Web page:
As a member of the Arkansas football squad Gary “Peanut” Adams was always a team player. Today he is a member of a different team with a larger purpose through his career with the Secret Service.

Adams, who was raised by his mother (Carletta) in a small home in Springfield, Missouri, excelled at many sports while growing up. However, it was his father (Gary Sr.) who not only gave Adams his unusual nickname, but also his goal of a career in law enforcement. Adams Sr., who was a police officer, did not want his first son to be called Junior so he gave him the nickname that has stuck with him.    

Prior to coming to Arkansas, Adams attended Springfield Central High School where he was a four-year varsity starter in both football and basketball. He earned honorable mention all-America honors and was twice an all-state, all-conference and all-district selection in football. He finished his high school career with 1,900 rushing yards and he passed for more than 2,400 yards and had 28 touchdowns. In basketball, he finished as Central’s all-time leading scorer with 1,406 points. Adams averaged almost 18 points a game his junior year and made second team all-state. As a senior, he was first team all-state averaging 21.6 points per game.

Adams selected Arkansas for its winning tradition and because he felt it gave him his best chance to continue his education.

In high school, Adams was known for playing quarterback and after redshirting in 1988, he lettered as Quinn Grovey’s backup in 1989 and ’90. During his four-year career at Arkansas, Adams made a successful transition from quarterback to defensive back and he also served as the holder on place kicks and field goals.  

As a redshirt freshman, he played on a 10-2 team that went to that won the Southwest Conference Championship and played in the Cotton Bowl in Ken Hatfield’s final season as head coach. That season, he also showed promise with a 45-yard touchdown run against Texas El-Paso.

Adams displayed his unselfish, team-first attitude several times throughout the 1991 season. He started the first two games at quarterback against Miami and SMU. He was moved to the secondary and due to injuries started the Texas A&M game in College Station, Texas, at quarterback.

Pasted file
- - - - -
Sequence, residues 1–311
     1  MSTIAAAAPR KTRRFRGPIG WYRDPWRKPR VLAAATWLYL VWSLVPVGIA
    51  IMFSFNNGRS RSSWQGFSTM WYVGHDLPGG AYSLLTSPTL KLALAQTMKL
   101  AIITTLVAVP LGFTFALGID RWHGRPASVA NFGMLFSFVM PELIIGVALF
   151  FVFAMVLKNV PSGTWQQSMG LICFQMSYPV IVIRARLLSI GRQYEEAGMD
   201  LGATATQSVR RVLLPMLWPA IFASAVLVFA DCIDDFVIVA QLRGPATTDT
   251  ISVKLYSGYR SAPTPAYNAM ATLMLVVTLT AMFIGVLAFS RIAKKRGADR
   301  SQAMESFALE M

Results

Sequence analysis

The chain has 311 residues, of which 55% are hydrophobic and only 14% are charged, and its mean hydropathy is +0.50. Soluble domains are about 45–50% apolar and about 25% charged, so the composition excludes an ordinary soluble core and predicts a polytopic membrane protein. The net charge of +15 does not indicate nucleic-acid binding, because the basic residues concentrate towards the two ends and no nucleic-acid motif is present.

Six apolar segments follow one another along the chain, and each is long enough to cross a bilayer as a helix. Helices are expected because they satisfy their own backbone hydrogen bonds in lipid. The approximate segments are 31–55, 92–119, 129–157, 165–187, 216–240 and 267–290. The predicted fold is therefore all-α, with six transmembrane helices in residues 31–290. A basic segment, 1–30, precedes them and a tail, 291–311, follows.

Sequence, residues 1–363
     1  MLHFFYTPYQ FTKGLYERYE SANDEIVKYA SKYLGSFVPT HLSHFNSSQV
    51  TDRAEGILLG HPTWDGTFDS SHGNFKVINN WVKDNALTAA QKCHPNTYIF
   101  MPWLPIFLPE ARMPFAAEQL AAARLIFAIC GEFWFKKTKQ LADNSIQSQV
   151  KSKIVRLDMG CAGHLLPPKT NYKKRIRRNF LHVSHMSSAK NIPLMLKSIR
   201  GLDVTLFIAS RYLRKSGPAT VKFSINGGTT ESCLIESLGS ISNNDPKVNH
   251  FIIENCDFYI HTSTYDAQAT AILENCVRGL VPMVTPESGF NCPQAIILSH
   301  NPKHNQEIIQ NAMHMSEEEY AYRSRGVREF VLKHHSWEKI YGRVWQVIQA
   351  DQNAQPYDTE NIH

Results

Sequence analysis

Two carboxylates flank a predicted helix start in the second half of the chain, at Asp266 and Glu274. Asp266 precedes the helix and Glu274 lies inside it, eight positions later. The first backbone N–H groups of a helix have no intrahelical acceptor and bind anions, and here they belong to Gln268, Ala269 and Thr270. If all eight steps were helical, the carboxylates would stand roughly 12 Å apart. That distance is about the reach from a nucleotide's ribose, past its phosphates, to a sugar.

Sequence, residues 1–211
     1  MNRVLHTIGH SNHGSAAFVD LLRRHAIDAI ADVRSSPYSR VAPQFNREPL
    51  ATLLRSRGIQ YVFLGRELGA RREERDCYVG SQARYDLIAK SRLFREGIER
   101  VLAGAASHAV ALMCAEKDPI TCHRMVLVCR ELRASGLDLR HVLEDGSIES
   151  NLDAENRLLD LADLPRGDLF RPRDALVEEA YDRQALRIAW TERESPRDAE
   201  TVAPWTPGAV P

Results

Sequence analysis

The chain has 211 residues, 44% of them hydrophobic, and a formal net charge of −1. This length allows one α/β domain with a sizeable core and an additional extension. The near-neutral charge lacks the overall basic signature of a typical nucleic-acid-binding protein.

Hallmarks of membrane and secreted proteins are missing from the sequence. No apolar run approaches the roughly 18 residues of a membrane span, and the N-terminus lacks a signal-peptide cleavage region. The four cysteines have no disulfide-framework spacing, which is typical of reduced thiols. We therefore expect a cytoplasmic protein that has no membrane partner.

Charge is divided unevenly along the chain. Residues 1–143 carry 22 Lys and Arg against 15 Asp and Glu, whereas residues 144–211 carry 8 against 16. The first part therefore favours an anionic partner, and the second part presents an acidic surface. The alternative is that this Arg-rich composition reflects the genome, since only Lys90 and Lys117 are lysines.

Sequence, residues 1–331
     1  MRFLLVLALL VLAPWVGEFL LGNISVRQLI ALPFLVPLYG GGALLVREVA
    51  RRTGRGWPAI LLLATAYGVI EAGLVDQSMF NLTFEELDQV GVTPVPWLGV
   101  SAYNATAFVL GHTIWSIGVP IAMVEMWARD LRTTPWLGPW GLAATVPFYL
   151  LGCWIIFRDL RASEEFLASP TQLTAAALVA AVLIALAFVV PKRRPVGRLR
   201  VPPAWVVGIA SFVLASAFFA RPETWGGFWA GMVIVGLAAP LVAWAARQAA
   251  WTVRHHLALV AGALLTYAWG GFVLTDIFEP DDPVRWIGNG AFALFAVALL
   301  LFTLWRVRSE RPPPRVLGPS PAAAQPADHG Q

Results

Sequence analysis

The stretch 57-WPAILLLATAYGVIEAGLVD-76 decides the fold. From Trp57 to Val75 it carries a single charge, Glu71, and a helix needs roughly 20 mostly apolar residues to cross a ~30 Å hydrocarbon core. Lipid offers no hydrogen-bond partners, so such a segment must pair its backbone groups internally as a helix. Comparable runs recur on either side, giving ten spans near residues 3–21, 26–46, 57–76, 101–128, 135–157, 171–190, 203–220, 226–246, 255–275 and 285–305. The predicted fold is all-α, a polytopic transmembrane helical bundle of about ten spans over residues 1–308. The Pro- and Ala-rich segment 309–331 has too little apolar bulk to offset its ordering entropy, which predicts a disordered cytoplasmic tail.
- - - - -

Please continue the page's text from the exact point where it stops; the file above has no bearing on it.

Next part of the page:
The 1991 season supplied Adams with one of his career highlights. On the first play of the game against Houston on Oct. 12, Adams made a jarring hit that caused a fumble he recovered at the Cougars’ 16-yard-line. Arkansas scored a quick touchdown en route to a 29-17 victory.

As a senior in 1992, he started all 11 games at free safety and made 27 tackles and two interceptions. That season was the first for Arkansas in the Southeastern Conference and saw the Hogs stun South Carolina in their league opener, 45-7, and it also was the year Arkansas topped Tennessee for the first time in school history. Against the Volunteers, Adams made a season-best five tackles to help Arkansas upset then-No. 4 Tennessee, 25-24.

It may have been the Auburn game his senior season that supplied Adams with one of his most memorable plays. On the final play before halftime, Adams intercepted a Stan White pass and returned it 85 yards for a touchdown. The game finished in a 24-24 tie and the interception return stands as the 12th-longest in school history.

Adams studied criminal justice and graduated with a degree in sociology in May of 1994. Immediately after graduation, he served several years as an Arkansas State Trooper, and now works as a Secret Service agent in Little Rock. In his role with the Secret Service, Adams is committed to the federal agency’s mission of “building on a tradition of excellence and meeting the challenges of the future.”

The University of Arkansas’ Athletic Department recognizes its heritage and the countless contributions made by African-American student-athletes in all 19 of its varsity sports. The Razorbacks are proud to celebrate this great tradition and recognize some of the inspiring pioneers, great student-athletes and outstanding role models that have worn a Razorback uniform as a part of Black History Month.